Exponential Integrators#

This module provides exponential integrators for ODEs.

Exponential integrators are a large class of methods from numerical analysis is based on the exact integration of the linear part of the initial value problem. Because the linear part is integrated exactly, this can help to mitigate the stiffness of a differential equation.

We consider initial value problems of the form,

\[u'(t)=f(u(t)),\qquad u(t_{0})=u_{0},\]

which can be decomposed of

\[u'(t)=Lu(t)+N(u(t)),\qquad u(t_{0})=u_{0},\]

where \(L={\frac {\partial f}{\partial u}}\) (the Jacobian of f) is composed of linear terms, and \(N=f(u)-Lu\) is composed of the non-linear terms.

This procedure enjoys the advantage, in each step, that \({\frac {\partial N_{n}}{\partial u}}(u_{n})=0\). This considerably simplifies the derivation of the order conditions and improves the stability when integrating the nonlinearity \(N(u(t))\).

Exact integration of this problem from time 0 to a later time \(t\) can be performed using matrix exponentials to define an integral equation for the exact solution:

\[u(t)=e^{Lt}u_{0}+\int _{0}^{t}e^{L(t-\tau )}N\left(t+\tau, u\left(\tau \right)\right)\,d\tau .\]

This representation of the exact solution is also called as variation-of-constant formula. In the case of \(N\equiv 0\), this formulation is the exact solution to the linear differential equation.

Exponential Rosenbrock methods

Exponential Rosenbrock methods were shown to be very efficient in solving large systems of stiff ODEs. Applying the variation-of-constants formula gives the exact solution at time \(t_{n+1}\) with the numerical solution \(u_n\) as

(1)#\[u(t_{n+1})=e^{h_{n}L}u(t_{n})+\int _{0}^{h_{n}}e^{(h_{n}-\tau )L}N(t_n+\tau, u(t_{n}+\tau ))d\tau .\]

where \(h_n=t_{n+1}-t_n\).

The idea now is to approximate the integral in (1) by some quadrature rule with nodes \(c_{i}\) and weights \(b_{i}(h_{n}L)\) (\(1\leq i\leq s\)). This yields the following class of s-stage explicit exponential Rosenbrock methods:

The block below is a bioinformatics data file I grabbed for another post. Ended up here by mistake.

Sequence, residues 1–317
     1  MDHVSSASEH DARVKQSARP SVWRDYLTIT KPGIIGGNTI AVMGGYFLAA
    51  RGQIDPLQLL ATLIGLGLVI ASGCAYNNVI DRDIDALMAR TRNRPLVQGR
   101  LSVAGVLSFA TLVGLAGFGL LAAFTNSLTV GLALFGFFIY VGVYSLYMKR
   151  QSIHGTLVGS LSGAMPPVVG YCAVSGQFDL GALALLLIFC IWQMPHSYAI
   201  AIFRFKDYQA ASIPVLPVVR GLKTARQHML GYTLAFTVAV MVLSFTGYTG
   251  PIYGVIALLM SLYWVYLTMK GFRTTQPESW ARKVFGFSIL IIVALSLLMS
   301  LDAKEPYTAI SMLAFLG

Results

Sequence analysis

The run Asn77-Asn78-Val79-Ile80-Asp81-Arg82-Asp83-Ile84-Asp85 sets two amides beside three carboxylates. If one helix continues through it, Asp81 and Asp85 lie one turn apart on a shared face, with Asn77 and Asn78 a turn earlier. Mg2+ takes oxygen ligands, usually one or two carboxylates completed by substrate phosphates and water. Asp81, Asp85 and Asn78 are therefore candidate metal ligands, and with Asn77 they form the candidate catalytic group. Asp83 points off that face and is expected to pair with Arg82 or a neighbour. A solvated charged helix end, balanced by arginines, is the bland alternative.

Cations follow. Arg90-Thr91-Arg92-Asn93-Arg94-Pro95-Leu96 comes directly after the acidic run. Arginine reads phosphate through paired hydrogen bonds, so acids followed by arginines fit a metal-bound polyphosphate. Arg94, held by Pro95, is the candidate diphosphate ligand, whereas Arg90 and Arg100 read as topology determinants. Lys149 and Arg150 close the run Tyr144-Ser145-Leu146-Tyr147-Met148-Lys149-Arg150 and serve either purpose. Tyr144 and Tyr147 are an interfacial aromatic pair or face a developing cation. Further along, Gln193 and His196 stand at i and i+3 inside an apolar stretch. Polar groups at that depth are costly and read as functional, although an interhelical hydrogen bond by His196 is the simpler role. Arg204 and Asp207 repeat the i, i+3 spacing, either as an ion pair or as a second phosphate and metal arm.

\[\begin{split}\begin{align} U_{ni}=&e^{c_{i}h_{n}L}u_n+h_{n}\sum_{j=1}^{i-1}a_{ij}(h_{n}L)N(U_{nj}), \\ u_{n+1}=&e^{h_{n}L}u_n+h_{n}\sum_{i=1}^{s}b_{i}(h_{n}L)N(U_{ni}) \end{align}\end{split}\]

where \(U_{ni}\approx u(t_{n}+c_{i}h_{n})\).

The coefficients \(a_{ij}(z),b_{i}(z)\) are usually chosen as linear combinations of the entire functions \(\varphi _{k}(c_{i}z),\varphi _{k}(z)\), respectively, where

\[\begin{split}\begin{align} \varphi _{k}(z)=&\int _{0}^{1}e^{(1-\theta )z}{\frac {\theta ^{k-1}}{(k-1)!}}d\theta ,\quad k\geq 1, \\ \varphi _{0}(z)=&e^{z},\\ \varphi _{k+1}(z)=&{\frac {\varphi_{k}(z)-\varphi _{k}(0)}{z}},\ k\geq 0. \end{align}\end{split}\]

By introducing the difference \(D_{ni}=N(U_{ni})-N(u_{n})\), they can be reformulated in a more efficient way for implementation as

\[\begin{split}\begin{align} U_{ni}=&u_{n}+c_{i}h_{n}\varphi _{1}(c_{i}h_{n}L)f(u_{n})+h_{n}\sum _{j=2}^{i-1}a_{ij}(h_{n}L)D_{nj}, \\ u_{n+1}=&u_{n}+h_{n}\varphi _{1}(h_{n}L)f(u_{n})+h_{n}\sum _{i=2}^{s}b_{i}(h_{n}L)D_{ni}. \end{align}\end{split}\]

where \(\varphi_{1}(z)=\frac{e^z-1}{z}\).

In order to implement this scheme with adaptive step size, one can consider, for the purpose of local error estimation, the following embedded methods

\[{\bar {u}}_{n+1}=u_{n}+h_{n}\varphi _{1}(h_{n}L)f(u_{n})+h_{n}\sum _{i=2}^{s}{\bar {b}}_{i}(h_{n}L)D_{ni},\]

which use the same stages \(U_{ni}\) but with weights \({\bar {b}}_{i}\).

For convenience, the coefficients of the explicit exponential Rosenbrock methods together with their embedded methods can be represented by using the so-called reduced Butcher tableau as follows:

\[\begin{split}\begin{array}{c|ccccc} c_{2} & & & & & \\ c_{3} & a_{32} & & & & \\ \vdots & \vdots & & \ddots & & \\ c_{s} & a_{s 2} & a_{s 3} & \cdots & a_{s, s-1} \\ \hline & b_{2} & b_{3} & \cdots & b_{s-1} & b_{s} \\ & \bar{b}_{2} & \bar{b}_{3} & \cdots & \bar{b}_{s-1} & \bar{b}_{s} \end{array}\end{split}\]



Hochbruck, M., & Ostermann, A. (2010). Exponential integrators. Acta Numerica, 19, 209-286.

ExponentialEuler(f[, var_type, dt, name, ...])

Exponential Euler method using automatic differentiation.